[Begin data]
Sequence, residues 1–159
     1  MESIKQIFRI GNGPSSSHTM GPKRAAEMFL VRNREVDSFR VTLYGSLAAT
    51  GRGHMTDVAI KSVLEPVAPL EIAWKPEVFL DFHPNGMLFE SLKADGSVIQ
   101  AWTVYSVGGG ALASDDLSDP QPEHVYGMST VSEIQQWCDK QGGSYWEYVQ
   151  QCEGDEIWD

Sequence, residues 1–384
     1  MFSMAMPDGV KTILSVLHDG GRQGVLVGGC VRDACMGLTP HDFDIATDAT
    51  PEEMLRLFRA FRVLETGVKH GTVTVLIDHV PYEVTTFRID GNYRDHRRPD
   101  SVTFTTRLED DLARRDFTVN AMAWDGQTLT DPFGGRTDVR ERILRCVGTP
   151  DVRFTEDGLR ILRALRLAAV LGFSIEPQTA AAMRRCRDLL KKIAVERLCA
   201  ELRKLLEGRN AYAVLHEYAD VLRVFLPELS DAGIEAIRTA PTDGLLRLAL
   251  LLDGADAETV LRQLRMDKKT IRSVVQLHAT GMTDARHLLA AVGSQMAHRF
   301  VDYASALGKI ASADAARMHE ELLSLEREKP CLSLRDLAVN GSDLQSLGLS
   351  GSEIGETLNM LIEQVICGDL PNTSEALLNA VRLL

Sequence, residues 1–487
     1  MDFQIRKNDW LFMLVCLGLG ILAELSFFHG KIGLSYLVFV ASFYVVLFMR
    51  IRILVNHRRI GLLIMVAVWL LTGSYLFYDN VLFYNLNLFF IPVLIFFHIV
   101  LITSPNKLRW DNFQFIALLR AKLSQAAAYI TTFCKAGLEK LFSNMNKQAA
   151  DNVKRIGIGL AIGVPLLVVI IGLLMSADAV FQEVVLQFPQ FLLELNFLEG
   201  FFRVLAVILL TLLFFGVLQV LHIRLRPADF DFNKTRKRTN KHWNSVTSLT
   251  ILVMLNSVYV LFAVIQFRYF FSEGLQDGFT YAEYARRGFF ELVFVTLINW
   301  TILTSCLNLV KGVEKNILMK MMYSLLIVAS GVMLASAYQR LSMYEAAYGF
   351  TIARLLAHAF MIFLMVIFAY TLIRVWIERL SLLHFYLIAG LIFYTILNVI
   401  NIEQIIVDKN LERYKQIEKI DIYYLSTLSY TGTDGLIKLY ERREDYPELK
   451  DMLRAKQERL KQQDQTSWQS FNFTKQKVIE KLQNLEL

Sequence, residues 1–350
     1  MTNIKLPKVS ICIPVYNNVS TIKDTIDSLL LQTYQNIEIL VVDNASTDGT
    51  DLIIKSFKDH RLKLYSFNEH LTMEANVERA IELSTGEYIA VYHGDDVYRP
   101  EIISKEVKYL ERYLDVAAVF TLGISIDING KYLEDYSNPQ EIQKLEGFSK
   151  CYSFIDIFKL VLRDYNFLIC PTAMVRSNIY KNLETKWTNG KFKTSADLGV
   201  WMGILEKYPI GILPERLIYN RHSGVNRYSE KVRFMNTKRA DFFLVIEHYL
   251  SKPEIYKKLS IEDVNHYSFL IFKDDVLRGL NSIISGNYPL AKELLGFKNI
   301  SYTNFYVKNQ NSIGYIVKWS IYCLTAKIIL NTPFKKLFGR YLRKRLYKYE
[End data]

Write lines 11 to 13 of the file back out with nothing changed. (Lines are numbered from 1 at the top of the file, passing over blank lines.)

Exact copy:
   201  ELRKLLEGRN AYAVLHEYAD VLRVFLPELS DAGIEAIRTA PTDGLLRLAL
   251  LLDGADAETV LRQLRMDKKT IRSVVQLHAT GMTDARHLLA AVGSQMAHRF
   301  VDYASALGKI ASADAARMHE ELLSLEREKP CLSLRDLAVN GSDLQSLGLS